Planning a trip to Glacier National Park in winter? The gorgeous Montana park transforms into a winter wonderland and is calling your name!
Glacier National Park has quite the summer reputation as it becomes a hiking paradise and filled with campers… but winter in Glacier National Park is just as spectacular.
This guide will tell you all the wonderful things to do in Glacier National Park during winter, including where to stay, winter activities, and practical tips.
If you have any tips for a Glacier National Park winter trip, please leave us a comment!
TABLE OF CONTENTS
- Reasons to Visit Glacier National Park in Winter
- Quick Facts about Glacier NP
- When is it Winter in Glacier National Park?
- What to Wear When Visiting Glacier National Park in Winter
- What to Pack for Glacier in Winter (Gear & Miscellaneous)
- Glacier National Park Travel Tips
- Glacier National Park Winter Entrance Fee
- Things to Do in Glacier National Park During Winter
- Go Cross-country Skiing
- Stop by the Apgar Visitor Center
- Hike to Apgar Lookout
- Hike Fish Creek to Apgar
- Dog Sledding near Glacier National Park
- Go to Lake McDonald (West Shore)
- Hike to Apikuni Falls
- Snowshoeing in Glacier National Park
- Ski to Grinnell Glacier (Experienced)
- Ice Fishing in Glacier National Park
- Glacier National Park Winter Lodging
- Should You Book a Winter Trip to Glacier National Park?
- Pin This Winter in Glacier National Park Guide
Reasons to Visit Glacier National Park in Winter
There are many reasons to visit Glacier National Park during winter but the main reason is to beat the crowds. The park has far fewer crowds in winter than it does in summer.
Another perk to visiting Glacier National Park in winter is that the area becomes a wonderland for sports enthusiasts and those that love snow and ice!
With that being said, flights are also cheaper during the winter months and so are the prices of accommodation in the area.
Basically, if you love snow and experiencing a true winter, Glacier National Park is definitely one to put on your Montana bucket list.
Quick Facts about Glacier NP
When is it Winter in Glacier National Park?
Glacier National Park experiences a pretty long winter. You will find that it is the ‘summer’ season from late May until early September and snowfall can arrive in the park as early as September.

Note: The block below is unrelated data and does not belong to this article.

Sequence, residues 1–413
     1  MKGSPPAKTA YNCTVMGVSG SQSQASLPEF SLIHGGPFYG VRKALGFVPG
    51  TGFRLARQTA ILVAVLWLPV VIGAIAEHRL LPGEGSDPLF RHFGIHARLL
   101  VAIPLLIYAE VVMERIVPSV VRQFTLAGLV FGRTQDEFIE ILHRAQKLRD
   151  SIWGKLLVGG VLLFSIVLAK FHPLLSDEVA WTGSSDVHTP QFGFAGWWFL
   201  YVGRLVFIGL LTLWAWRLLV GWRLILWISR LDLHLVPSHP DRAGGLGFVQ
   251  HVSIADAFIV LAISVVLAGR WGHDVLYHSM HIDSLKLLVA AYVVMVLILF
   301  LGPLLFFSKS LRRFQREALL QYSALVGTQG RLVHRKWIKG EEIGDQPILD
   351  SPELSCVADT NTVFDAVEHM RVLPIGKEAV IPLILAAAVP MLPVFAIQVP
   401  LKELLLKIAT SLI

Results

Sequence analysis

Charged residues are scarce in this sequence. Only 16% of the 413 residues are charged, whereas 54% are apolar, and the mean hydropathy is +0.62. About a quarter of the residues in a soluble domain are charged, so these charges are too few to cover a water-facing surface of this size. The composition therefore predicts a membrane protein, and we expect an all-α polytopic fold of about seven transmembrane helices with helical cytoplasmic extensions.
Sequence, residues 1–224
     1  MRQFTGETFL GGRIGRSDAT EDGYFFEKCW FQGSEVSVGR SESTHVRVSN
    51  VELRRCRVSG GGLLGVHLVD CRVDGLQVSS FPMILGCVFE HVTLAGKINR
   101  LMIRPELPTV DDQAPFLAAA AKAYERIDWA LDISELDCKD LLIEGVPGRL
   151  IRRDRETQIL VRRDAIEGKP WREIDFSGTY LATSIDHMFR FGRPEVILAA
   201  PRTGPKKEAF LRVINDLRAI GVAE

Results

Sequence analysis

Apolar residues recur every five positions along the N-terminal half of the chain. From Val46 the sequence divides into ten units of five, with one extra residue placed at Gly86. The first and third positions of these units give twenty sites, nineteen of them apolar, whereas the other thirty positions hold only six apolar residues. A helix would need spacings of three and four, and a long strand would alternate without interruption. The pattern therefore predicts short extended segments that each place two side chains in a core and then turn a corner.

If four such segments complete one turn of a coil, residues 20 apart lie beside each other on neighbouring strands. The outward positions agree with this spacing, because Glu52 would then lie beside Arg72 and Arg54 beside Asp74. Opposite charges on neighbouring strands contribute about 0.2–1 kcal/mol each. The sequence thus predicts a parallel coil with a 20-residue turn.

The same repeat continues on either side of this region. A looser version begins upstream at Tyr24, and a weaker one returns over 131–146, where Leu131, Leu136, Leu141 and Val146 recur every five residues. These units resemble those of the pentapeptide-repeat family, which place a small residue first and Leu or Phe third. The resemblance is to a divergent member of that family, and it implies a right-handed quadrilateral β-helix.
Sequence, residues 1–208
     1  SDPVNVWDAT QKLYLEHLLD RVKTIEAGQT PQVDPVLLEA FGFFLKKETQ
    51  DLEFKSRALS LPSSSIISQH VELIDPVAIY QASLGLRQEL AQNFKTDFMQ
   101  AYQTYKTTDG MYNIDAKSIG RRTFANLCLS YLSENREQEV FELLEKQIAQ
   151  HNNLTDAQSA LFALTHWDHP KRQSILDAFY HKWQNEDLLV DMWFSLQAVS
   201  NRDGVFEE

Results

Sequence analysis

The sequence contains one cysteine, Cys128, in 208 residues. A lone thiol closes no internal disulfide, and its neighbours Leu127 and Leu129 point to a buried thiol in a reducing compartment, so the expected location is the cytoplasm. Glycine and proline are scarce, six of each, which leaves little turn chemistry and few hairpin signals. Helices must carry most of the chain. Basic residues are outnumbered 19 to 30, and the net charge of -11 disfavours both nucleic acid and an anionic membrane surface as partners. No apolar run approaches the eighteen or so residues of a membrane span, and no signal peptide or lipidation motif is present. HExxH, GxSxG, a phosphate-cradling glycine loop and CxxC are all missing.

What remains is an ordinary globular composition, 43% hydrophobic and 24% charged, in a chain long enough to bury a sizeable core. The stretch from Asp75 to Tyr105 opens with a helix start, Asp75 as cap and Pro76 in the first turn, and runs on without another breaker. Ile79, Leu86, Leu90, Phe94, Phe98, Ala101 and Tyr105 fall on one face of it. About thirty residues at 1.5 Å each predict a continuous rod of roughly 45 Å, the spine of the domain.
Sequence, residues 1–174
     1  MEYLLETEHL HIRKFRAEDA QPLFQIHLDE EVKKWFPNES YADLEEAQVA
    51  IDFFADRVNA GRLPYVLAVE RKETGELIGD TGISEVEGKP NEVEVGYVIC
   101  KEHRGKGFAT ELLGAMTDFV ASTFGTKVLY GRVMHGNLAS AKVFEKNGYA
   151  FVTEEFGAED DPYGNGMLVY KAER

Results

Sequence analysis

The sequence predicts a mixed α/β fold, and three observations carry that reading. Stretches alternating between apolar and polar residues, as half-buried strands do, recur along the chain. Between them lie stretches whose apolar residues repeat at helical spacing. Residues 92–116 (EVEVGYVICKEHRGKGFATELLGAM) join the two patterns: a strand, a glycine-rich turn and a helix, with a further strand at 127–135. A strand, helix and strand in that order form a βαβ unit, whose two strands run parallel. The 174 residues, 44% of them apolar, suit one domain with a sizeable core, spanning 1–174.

How Cold Does it Get in Glacier National Park? (Temperatures & More)
Naturally, winter arrives when it arrives in Montana and while winter in Glacier National Park is technically December, January, and February, it can feel like winter far beyond those months.
For the sake of this guide, here are the average temperatures and precipitation days in Glacier National Park in December, January, and February:
- December: Highs of -3C/27F, Lows of -10C/14F, 19 rainy days
- January: Highs of -1C/30F, Lows of -9C/17F, 19 rainy days
- February: Highs of 0C/32F, Lows of -10C/14F, 16 rainy days
Does it Snow in Glacier National Park?
It is not surprising at all to discover that Glacier National Park receives a lot of snow annually.
On average, you will see about 29 inches of snow near West Glacier’s Headquarters and about 157 inches at the main Headquarters.
What to Wear When Visiting Glacier National Park in Winter
I spent years living in Scandinavia and I thought that made me an expert when it came to cold weather. Needless to say, it definitely took me a couple of years to claim that expertise, after several failed attempts. When I look at it, my wardrobe for an Oslo winter is pretty much the same as during a Glacier National Park one.
Note: I am a huge fan of REI for all of my winter gear in the US, but I also love throwing minimalistic Scandinavian brands into the mix. I am listing an array of my favorite winter gear below.
You need a winter parka for Glacier National Park. Point blank. I actually love my Helly Hansen Svalbard parka and I have worn it on several of my Arctic trips and it has served me so well. Helly Hansen is a Norwegian brand and they know winter and outdoor clothing well.
Because of the severe temperatures at Glacier, I only feel comfortable recommending the parka above as I haven’t had a chance to test others since this one has always done the job for me! Click here to see my Helly Hansen Svalbard parka (I own it in black because I’m boring).
If you’re not sturdy on your feet (*sheepishly raises hand*), definitely invest in a pair of crampons for your Glacier winter trip.
What are crampons? They are basically attachable ‘traction’ for your boot. They can feel a bit awkward when you first put them on but at least you won’t end up with severe back pain from having to hold your gait funny in the end. I have used them on some of the best hikes in Banff National Park as well as some of the iciest sidewalks of my life in Norway!
I have used several types throughout the years and I found that these ones from Yaktrax are the best ones for me, personally. Click here to purchase them on Amazon.
There is actually nothing worse on the planet than frozen feet. At least for those surrounding me, frozen feet are a surefire way for me to complain and annoy everyone else. So, I take my snow boots seriously!